Pittsburgh defenseman Kris Letang lost something far greater and more profound -- he lost a friend.
The two young defensemen were teammates for two years, playing for the Val d'Or Foreurs in the Quebec Major Junior Hockey League. They were also teammates on two Canadian national junior teams, both of which won gold medals at the World Junior Championship. They were roommates and running mates.
This summer, they had planned to vacation together and Letang told reporters in French on Friday he had planned to buy a motorcycle so the two could tour together.
"We were supposed to go on vacation this summer and he was coming to Montreal all summer long to train," Letang, a Montreal native, told reporters at the Stanley Cup finals. "And he was a really funny guy. Like only close people could know [him] really well. He was a guy who always, like, stick up for you and always there for you."
Now, all those plans seem far away.
Bourdon had recently purchased the motorcycle and wire reports quoted local police as saying they believe his inexperience driving the bike may have contributed to the accident, which took place on a remote, winding road in Bourdon's home province. Bourdon crossed the center line and collided head-on with an oncoming truck.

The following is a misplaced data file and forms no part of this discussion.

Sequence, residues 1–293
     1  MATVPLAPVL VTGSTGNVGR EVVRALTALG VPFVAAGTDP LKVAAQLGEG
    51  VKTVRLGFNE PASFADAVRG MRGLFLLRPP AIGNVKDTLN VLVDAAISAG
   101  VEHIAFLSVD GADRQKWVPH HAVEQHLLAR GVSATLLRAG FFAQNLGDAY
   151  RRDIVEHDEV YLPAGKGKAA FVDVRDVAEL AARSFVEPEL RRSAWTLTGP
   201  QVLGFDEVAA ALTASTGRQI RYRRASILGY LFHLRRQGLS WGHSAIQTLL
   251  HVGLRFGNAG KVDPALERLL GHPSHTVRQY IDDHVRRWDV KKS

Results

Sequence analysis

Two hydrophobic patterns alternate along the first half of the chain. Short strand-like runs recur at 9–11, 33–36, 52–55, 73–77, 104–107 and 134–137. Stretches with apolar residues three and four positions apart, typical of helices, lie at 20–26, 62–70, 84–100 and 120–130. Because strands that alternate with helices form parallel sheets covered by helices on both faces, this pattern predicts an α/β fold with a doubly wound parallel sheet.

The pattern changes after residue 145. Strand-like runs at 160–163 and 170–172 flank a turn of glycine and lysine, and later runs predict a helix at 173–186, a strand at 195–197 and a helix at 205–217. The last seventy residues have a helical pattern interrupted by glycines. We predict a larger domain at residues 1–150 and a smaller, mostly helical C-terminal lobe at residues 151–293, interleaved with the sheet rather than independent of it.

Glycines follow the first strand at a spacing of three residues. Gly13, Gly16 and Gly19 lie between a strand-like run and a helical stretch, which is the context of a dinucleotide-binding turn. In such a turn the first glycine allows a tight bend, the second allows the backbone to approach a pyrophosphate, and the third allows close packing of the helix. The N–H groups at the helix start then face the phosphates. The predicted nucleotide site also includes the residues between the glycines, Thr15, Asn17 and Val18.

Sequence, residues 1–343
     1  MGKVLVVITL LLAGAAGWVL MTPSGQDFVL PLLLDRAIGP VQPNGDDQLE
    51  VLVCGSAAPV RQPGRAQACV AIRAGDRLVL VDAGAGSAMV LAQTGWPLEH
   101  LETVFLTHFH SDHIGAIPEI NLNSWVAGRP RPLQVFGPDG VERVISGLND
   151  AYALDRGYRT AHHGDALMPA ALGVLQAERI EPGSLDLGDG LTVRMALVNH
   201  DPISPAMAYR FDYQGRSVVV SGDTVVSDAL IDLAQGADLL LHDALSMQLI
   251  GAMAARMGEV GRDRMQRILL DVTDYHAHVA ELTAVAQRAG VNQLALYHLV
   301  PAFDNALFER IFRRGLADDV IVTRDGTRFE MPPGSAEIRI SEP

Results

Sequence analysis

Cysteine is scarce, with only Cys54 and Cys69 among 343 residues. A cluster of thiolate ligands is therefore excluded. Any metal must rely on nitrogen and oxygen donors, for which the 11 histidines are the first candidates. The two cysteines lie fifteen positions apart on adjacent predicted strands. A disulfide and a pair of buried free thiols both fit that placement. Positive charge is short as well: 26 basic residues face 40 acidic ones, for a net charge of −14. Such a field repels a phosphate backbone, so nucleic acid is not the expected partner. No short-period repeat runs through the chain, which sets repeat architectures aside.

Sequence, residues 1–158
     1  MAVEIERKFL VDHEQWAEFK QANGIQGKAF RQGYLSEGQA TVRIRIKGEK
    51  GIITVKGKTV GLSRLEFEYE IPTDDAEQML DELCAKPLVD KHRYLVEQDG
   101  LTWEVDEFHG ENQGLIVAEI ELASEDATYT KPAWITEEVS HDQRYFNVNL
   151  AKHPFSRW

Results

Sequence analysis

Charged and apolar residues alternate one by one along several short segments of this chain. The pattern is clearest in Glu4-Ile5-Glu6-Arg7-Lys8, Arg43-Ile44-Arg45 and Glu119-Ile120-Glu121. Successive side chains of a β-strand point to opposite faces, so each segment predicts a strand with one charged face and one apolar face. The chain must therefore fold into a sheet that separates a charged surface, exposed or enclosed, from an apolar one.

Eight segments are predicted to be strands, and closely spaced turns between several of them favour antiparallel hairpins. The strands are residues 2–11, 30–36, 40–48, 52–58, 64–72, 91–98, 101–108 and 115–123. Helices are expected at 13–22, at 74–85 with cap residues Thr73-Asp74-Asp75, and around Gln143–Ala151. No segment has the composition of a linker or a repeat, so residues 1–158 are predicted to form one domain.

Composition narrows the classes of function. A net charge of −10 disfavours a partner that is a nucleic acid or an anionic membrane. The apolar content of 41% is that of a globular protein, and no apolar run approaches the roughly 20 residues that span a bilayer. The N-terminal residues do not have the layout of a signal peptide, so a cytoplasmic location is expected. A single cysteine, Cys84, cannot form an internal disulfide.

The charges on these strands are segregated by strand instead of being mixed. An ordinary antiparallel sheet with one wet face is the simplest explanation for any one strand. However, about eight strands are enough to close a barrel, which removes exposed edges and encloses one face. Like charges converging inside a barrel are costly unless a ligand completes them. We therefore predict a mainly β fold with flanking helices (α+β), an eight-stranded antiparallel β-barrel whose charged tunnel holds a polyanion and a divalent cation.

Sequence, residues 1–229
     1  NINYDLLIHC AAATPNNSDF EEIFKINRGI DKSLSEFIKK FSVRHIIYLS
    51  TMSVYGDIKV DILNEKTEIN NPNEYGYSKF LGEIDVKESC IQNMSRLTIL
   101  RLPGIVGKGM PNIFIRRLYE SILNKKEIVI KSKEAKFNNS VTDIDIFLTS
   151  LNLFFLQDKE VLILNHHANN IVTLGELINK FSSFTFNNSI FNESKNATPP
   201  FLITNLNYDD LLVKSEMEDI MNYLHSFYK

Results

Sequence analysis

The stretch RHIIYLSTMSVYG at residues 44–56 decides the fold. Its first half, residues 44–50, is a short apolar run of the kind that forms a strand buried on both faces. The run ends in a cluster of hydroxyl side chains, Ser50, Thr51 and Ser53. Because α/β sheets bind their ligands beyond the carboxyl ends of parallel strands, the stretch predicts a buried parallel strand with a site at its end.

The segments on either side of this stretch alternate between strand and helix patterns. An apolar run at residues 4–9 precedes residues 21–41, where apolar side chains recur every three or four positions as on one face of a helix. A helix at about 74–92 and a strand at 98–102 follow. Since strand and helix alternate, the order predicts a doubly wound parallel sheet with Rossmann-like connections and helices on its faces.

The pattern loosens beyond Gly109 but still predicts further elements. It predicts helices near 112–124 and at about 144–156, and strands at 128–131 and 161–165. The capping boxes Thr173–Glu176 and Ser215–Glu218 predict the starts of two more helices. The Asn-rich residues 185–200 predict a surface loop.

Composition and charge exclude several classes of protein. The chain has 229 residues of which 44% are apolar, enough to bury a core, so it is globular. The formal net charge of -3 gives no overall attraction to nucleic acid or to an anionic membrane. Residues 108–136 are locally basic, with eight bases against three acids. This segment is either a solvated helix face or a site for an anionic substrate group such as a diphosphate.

"He got it three days ago," Letang said. "He was pretty excited. He's a guy who had fun with, like, sports stuff. Like Sea-Doo and sport cars and whatever. We talked about it. We know it was dangerous, but he had fun with it. I know he didn't do, like, speed with it. He just had a bad move or something. Those things, you have, like, no second chance."
Bourdon was the 10th overall pick of the Canucks in 2005. He was 21. The NHL will observe a moment of silence before Saturday's Game 4.
"I was going out of my apartment and someone called me, my agent, and just told me what happened to Luc," Letang said. "It was so tough to handle it because Luc was one of my great friends. Someone I can like always talk about my tough times and someone that always liked to have fun."
Letang, a skilled puck-moving defenseman in his first NHL season with the Penguins, wasn't in the lineup for Game 3 of the Stanley Cup finals and wasn't scheduled to play Saturday. It's likely just as well given the effect Bourdon's death has had on the young man.
"I don't know why, but this morning, I had no energy," Letang said. "Even if I wanted to skate, I couldn't push off. It's like I lost so much energy when it happened yesterday."
The two friends last spoke just three days ago.
"We were talking about his motorcycle, and I never thought it would happen," Letang said. "I can't still believe it because when you lose someone close like that, you can't do much. And it's so tough to me. Like, right now, he was my best friend."
Scott Burnside is the NHL writer for ESPN.com.